GLP-1 Receptor Agonists for Type 2 Diabetes

Injectable Medications That Lower Blood Sugar and Aid Weight Loss

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GLP-1 receptor agonists are a non-insulin type 2 diabetes medication. GLP-1 agonists help to lower blood sugar and aid in weight loss.

Drugs in this class include Byetta (exenatide), Victoza (liraglutide), Trulicity (dulaglutide), and Ozempic (semaglutide) among others.

A woman checking her diabetes reader
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Used in combination with diet, exercise, and oral diabetes medicines, these drugs help to lower hemoglobin A1C levels and improve blood pressure, cholesterol levels, and beta-cell function.

This article discusses GLP-1 agonists. It explains how GLP-1s work to treat diabetes and boost weight loss. It also describes the various GLP-1s on the market and the differences between them.

How They Work

Glucagon-like peptide (GLP-1) is a type of hormone known as an incretin that's lower than normal in people with type 2 diabetes. GLP-1 receptor agonists belong to a class of medications known as incretin mimetics.

By mimicking the effects of GLP-1, the GLP-1 receptor agonists have many effects.

Some of their actions include:

  • Helping control appetite and blood sugar levels
  • Helping the pancreas release the optimal amount of insulin, which transports glucose (sugar) to tissues in the body where it can be used for energy
  • Slowing the rate at which food leaves the stomach, which helps to control post-prandial (after-meal) blood sugar levels

GLP-1 agonists work on different organs throughout the body.


GLP-1 sends a signal to the hypothalamus, the part of the brain responsible for appetite and thirst, to take in less water and food. This can lead to weight loss.

Dehydration Danger

Because GLP-1 receptor agonists dampen thirst, it's vital to drink plenty of water and other fluids to stay hydrated while taking these medications.


GLP-1 stimulates gluconeogenesis, which is the process the body uses to make glucose from protein or fat. This process lowers blood sugar by stimulating glucose uptake into the cells and increasing how efficiently the body uses insulin.


When GLP-1 encounters glucose, the pancreas is triggered to secrete more insulin, which lowers the amount of post-meal glucose in the blood.

GLP-1 also decreases the secretion of glucagon—a pancreatic hormone that helps to prevent blood sugar levels from dipping too low. In people with type 2 diabetes, glucagon can cause blood glucose levels to become too high.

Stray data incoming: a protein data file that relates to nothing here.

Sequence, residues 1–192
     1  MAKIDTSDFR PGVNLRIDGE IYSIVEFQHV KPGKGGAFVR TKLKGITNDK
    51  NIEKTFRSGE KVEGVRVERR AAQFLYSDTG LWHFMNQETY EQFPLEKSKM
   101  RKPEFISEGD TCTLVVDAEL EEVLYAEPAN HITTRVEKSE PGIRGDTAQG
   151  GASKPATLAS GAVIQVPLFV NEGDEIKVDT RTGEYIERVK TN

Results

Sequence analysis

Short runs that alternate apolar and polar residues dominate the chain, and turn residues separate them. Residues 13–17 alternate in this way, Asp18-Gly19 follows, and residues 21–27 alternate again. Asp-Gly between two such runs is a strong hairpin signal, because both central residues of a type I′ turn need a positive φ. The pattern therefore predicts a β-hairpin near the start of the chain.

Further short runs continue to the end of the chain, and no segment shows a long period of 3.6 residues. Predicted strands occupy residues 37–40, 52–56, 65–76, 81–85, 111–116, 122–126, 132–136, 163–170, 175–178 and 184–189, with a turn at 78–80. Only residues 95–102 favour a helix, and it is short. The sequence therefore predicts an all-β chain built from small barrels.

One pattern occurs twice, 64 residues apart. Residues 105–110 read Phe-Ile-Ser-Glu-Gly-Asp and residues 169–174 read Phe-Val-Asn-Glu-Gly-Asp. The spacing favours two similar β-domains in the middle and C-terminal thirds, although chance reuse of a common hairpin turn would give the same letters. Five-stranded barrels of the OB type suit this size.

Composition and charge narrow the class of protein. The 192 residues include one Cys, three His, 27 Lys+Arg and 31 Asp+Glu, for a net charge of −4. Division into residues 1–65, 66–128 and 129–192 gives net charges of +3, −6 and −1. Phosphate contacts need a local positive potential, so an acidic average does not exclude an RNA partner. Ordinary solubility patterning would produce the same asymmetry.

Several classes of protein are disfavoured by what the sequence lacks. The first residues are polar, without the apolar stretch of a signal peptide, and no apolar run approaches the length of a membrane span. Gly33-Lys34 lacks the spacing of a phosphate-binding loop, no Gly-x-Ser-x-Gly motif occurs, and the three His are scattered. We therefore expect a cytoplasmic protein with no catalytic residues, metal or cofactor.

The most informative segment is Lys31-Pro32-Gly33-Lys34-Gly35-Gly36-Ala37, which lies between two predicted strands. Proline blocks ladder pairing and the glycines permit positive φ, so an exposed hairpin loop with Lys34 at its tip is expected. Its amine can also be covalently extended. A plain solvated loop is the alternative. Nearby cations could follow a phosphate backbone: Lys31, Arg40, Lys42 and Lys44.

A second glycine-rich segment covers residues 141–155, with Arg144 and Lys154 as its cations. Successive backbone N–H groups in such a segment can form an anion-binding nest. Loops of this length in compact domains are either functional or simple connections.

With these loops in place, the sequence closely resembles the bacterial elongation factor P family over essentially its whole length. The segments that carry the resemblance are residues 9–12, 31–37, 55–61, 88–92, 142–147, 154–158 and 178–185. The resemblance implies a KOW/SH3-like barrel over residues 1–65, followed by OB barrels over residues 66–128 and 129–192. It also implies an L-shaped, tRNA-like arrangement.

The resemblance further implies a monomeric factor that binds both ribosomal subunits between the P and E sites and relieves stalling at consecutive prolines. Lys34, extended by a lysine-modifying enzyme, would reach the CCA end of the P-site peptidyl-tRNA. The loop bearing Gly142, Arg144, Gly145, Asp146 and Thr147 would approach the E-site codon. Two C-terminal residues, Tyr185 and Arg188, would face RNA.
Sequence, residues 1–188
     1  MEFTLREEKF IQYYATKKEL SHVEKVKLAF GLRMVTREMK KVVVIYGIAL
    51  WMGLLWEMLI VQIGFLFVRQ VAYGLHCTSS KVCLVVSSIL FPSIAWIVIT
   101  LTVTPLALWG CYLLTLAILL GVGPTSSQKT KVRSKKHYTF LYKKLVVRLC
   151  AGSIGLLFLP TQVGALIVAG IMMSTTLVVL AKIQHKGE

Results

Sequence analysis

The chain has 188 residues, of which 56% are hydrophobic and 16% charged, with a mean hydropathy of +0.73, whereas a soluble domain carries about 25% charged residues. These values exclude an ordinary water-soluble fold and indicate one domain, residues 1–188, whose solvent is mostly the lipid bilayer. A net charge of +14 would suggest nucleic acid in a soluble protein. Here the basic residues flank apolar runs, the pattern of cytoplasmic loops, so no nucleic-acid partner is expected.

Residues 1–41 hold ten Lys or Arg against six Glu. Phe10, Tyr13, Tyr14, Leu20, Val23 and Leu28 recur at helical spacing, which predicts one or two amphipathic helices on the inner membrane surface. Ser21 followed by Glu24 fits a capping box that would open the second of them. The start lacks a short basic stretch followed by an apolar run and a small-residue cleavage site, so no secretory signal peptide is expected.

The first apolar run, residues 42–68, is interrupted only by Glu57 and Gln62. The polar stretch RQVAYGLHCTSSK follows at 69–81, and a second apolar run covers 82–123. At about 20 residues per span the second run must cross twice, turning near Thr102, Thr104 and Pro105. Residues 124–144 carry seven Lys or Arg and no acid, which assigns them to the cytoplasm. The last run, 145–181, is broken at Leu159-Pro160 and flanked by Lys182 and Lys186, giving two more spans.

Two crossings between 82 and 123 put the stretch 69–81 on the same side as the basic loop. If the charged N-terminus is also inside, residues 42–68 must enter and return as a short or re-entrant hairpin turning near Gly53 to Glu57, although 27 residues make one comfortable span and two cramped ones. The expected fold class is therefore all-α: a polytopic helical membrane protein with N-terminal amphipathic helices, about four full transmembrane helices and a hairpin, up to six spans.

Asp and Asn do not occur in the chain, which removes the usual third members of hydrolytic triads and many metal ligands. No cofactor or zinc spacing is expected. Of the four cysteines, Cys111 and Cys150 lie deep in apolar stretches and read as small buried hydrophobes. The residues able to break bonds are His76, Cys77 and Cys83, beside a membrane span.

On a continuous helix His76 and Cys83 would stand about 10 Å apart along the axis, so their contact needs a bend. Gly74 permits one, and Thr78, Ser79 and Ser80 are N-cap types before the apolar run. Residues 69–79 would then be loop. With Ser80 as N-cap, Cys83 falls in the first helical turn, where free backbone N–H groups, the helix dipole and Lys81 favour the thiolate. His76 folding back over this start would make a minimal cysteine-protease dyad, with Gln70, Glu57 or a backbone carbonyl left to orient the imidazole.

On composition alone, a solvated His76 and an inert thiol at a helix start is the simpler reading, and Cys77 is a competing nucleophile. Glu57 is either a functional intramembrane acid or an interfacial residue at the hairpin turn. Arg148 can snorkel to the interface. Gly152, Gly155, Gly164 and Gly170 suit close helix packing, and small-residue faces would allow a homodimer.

GLP-1 lowers hepatic (liver) glucose output, which helps lower blood sugar levels.

As gluconeogenesis increases, glucagon receptors are reduced in the liver, inhibiting glucose formation and stimulating glucose uptake by cells, thus lowering the amount of glucose in the blood.


GLP-1 decreases both the secretion of acid in the stomach and how quickly food is emptied from the stomach, prolonging the sensation of fullness. This can limit how much a person eats and may ultimately lead to weight loss.

Types of GLP-1 Receptor Agonists

There are two types of GLP-1 receptor agonists: short-acting formulas, which typically are taken once or twice a day, and long-acting formulas, which are taken once a week.

The type prescribed is based on a number of factors, including medical history, blood sugar control, insurance coverage, price (GLP-1 receptor agonists can be expensive), and personal preference.

Short-acting GLP-1 Receptor Agonists
Drug Name Dose Pros Cons Other Considerations
Byetta (exenatide) 5 micrograms (mcg) twice daily the first month; 10 mcg twice a day thereafter Relatively inexpensive compared to newer GLP-1 agonists  Must be given 60 minutes before a meal, which can sometimes be inconvenient Because exenatide is excreted through the kidneys, it's  not recommended for people with GFRs of 30 or less
Victoza, Saxenda (liraglutide) 0.6 mcg per day the first week; 1.2 mcg daily thereafter, increasing to 1.8 mcg per day if necessary to reach optimal blood glucose levels Saxenda is indicated for weight loss Often causes nausea Saxenda is only covered by certain insurance providers.
Adlyxin (lixisenatide) 10 mcg daily the first two weeks, increasing to 20 mcg daily thereafter Has relatively the same efficacy as Byetta Must be dosed daily 60 minutes before the first meal of the day Is excreted via the kidneys; should not be used by people with low GFR 
Long-acting GLP-1 Receptor Agonists
Drug Name Dose Pros Cons Other Considerations
Bydureon (exenatide) 2 milligrams (mg) once per week Comes in a pre-filled pen Is excreted  via the kidneys and should be avoided by anyone with a GFR of 30 or less Reduces A1C by about 1.5%; the pen can be hard to use and causes a grape-sized ball on the skin
Trulicity (dulaglutide) 0.75 mg weekly; increase to 1.5 mg or up to 4 mg after 6 to 8 weeks Comes as a pre-filled pen that is easy to use Not very effective for weight loss; not covered by all insurance providers; can be expensive Reduces A1C by about 1.4%
Ozempic (semaglutide) 0.25 mg in the first four weeks; 0.5 mg thereafter. If, after 4 weeks, more blood sugar control is needed, the dose can be increased to 1 mg Has the highest effectiveness for weight loss of all GLP1 As a newer drug, can be pricey; can cause nausea